Comparison of the extraction efficiencies of different leaching agents for reliable assessment of bio-accessible trace metal fractions in airborne particulate matter
A. Mukhtar1, 2 and A.Limbeck1
1 Institute of Chemical Technologies and Analytics, Vienna University of Technology, Vienna, Austria,
2Division of Science and Technology, University of Education, Lahore, Pakistan
In present study, an in-vitro physiologically based extraction test has been applied for extraction of bio-accessible trace metal fractions in airborne particulate matter (APM) samples collected from different urban sites in Austria and Pakistan using the leaching agents H2O, sodium chloride, ammonium acetate, ammonium citrate, synthetic gastric juice and artificial lung fluids. Obtained extracts were then measured using an ETV-ICP-OES procedure which allowed highly sensitive measurement of dissolved analytes even in the presence of leaching agents. Derived results indicated that the investigated leaching agents extract different amounts of trace metals. In general, leaching agents with organic nature yielded comparatively greater extractable and thus bio-accessible trace metal fractions to that of simple solvents like H2O or aqueous NaCl solution. With water, only 26.3±4.0% of Cd was found to be bio-accessible whereas 88.4±24.8 of Cd was obtained as bio-accessible fraction with the use of synthetic gastric juice. The concentrations of bio-accessible metal fractions varied from 0.4 ng m-3 (Cd) to 714 ng m-3 (Zn) and 0.3 ng m-3 (Cd) to 190 ng m-3 (Zn) for PM10 samples collected from Karachi (Pakistan) and Graz (Austria) respectively.
Key words: Bio-accessibility; trace metals; airborne particulate matter; synthetic body fluids
In recent years, many toxicological studies have implicated metal contents as a possible harmful component of APM (Prieditis and Adamson, 2002) since they can be absorbed into human tissues during breathing especially particles with an aerodynamic diameter less than 10 microns (PM10). The toxicity of metal depends upon its species that are present. Thus, for risk assessment of metal toxicity, it is important to determine bio-accessible concentrations instead of total metal contents (Michelozzi et al., 1998).
Particles in the 2.5- to 10-μm size fraction are in most cases deposited in the tracheal and the bronchial region after inhalation, from where they are transported within hours by the so-called mucociliary clearance adoral and are mainly swallowed. This fraction reaches the gastrointestinal tract (GIT), where it comes into contact with gastric juice (Hamel et al., 1998). On the other hand particles less than 1 µm can enter into the alveolar region of lungs where they interact with the lung fluid (Jianjum et al., 2010 and Song et al., 2011). For risk assessment of metal toxicity the determination of bio-accessible fractions is recommended. For this purpose extraction procedures with different leaching agents such as water, buffer solutions or synthetic body fluids were reported in literature. Since the chemical composition of these leaching agents is different it is expected that inconsistent amount of bio-accessible metal fractions is obtained via the use of applied leaching agents. Therefore, it is highly needed to evaluate the extraction efficiencies of various commonly used leaching agents for true estimation of bio-accessible trace metal fractions in APM.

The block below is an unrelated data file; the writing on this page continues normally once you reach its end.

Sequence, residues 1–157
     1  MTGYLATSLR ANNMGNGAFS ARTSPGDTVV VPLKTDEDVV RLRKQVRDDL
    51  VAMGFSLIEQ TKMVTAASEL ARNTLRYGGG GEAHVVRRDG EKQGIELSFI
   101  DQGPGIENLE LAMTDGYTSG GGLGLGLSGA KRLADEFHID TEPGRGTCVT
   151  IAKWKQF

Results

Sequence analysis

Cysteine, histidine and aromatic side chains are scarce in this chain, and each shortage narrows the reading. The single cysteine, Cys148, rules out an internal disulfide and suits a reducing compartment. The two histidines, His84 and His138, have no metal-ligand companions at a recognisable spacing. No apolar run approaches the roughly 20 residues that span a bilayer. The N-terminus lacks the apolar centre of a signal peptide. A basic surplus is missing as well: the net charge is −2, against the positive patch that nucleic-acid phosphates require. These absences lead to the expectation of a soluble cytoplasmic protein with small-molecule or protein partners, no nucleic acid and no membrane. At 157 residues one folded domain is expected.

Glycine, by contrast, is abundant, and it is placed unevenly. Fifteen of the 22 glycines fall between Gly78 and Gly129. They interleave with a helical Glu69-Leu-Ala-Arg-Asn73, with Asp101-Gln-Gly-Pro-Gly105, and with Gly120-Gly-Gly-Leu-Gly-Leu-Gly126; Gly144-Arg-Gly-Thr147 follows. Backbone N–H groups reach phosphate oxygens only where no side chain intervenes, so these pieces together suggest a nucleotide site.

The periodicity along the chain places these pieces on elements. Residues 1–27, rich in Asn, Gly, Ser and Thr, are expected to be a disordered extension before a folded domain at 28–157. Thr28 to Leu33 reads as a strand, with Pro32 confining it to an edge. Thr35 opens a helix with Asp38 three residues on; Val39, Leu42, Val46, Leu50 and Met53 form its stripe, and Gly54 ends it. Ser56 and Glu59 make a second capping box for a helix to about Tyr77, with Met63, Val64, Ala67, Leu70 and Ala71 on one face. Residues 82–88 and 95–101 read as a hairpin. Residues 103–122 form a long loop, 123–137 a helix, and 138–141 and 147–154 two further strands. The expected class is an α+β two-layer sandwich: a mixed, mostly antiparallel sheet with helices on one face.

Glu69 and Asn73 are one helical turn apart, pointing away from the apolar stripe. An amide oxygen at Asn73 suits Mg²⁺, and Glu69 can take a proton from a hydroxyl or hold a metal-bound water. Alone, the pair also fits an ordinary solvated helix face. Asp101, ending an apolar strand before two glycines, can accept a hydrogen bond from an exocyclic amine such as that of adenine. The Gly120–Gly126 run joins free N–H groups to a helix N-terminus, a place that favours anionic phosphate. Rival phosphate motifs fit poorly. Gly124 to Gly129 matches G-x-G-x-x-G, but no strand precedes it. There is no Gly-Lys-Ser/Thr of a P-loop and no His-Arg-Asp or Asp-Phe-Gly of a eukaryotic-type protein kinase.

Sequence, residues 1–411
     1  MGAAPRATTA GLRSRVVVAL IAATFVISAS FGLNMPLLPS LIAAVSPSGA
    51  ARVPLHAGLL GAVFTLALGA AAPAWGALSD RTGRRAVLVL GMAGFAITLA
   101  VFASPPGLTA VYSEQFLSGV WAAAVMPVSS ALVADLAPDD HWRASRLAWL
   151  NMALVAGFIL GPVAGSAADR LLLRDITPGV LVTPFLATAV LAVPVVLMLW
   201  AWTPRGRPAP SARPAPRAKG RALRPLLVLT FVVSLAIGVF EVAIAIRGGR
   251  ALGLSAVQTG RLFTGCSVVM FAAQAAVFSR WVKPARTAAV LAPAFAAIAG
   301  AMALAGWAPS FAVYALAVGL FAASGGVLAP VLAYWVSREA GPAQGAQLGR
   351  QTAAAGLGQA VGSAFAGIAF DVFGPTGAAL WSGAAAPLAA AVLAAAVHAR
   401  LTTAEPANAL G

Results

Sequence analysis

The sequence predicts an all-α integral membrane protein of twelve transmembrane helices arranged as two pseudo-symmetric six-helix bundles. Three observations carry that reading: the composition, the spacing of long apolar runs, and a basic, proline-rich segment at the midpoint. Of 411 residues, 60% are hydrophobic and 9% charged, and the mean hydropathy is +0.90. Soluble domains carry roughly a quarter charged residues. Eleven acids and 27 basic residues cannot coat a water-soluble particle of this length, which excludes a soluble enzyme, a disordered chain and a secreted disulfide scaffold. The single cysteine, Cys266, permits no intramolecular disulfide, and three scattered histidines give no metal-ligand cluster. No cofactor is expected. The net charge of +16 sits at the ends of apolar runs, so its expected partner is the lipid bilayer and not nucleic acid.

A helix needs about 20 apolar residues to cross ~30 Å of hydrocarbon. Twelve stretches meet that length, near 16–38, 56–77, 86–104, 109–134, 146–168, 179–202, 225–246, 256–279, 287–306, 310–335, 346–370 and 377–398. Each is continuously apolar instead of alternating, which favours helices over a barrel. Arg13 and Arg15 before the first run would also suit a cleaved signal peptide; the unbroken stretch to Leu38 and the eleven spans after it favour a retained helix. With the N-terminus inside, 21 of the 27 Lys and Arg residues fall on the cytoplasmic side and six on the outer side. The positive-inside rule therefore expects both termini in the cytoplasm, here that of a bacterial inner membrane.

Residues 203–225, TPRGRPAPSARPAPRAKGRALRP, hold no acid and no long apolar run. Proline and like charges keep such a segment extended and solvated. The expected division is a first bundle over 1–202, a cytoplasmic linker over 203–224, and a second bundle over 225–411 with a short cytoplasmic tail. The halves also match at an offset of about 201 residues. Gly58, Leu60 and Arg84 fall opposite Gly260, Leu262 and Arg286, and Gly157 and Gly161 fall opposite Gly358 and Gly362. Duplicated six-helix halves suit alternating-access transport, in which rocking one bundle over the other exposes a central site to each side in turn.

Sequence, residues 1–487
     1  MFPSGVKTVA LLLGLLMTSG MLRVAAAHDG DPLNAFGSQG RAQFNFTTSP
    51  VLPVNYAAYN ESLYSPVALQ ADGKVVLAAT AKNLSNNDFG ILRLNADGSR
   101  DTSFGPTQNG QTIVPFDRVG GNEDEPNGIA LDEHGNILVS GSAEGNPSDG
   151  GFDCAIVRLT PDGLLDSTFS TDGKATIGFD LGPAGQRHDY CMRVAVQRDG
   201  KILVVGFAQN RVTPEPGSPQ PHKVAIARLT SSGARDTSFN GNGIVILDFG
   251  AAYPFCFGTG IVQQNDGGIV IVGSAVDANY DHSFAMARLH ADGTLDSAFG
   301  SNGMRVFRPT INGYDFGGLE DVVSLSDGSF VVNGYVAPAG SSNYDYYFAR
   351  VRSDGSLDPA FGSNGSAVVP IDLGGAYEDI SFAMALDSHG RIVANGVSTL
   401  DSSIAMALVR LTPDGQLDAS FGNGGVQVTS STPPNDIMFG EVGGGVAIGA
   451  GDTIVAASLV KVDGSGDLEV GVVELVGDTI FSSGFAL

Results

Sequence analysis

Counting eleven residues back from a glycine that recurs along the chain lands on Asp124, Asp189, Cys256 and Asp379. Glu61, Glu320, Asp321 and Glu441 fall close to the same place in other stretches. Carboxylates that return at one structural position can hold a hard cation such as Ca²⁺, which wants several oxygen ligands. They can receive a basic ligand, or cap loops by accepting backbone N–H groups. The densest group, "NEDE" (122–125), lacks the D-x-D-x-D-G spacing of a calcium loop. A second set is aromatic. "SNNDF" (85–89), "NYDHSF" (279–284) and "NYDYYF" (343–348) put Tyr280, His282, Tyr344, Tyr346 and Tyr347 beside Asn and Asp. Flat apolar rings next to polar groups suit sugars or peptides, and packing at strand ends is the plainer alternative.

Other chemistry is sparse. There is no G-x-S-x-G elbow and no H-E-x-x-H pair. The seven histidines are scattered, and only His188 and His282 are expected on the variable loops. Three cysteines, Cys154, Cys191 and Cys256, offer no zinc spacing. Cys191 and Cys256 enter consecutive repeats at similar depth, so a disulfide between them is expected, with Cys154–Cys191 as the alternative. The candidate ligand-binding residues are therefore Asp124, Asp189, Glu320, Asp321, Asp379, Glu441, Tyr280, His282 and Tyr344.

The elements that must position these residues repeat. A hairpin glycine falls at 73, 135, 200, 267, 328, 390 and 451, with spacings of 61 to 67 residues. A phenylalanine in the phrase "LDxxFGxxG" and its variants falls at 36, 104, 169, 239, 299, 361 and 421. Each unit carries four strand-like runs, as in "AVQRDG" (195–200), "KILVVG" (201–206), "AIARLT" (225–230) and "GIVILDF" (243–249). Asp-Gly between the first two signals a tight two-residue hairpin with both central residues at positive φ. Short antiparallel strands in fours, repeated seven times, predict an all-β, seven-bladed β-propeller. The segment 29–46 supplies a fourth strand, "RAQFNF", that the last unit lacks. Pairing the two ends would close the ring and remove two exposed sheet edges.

In present study, an in-vitro physiologically based extraction test (PBET) was employed for extraction of APM samples from Graz (Austria) and Karachi (Pakistan) with the leaching agents water, sodium chloride, ammonium acetate, ammonium citrate, synthetic gastric juice, artificial lysosomal fluid and Gamble solution, followed by measurement of resulting extracts using electrothermal vaporization inductively-coupled plasma atomic emission spectrometry (ETV-ICP-OES). Derived results were discussed in order to gain more detailed information about the extraction behavior of the investigated leaching agents.
Materials and Methods
Reagents and materials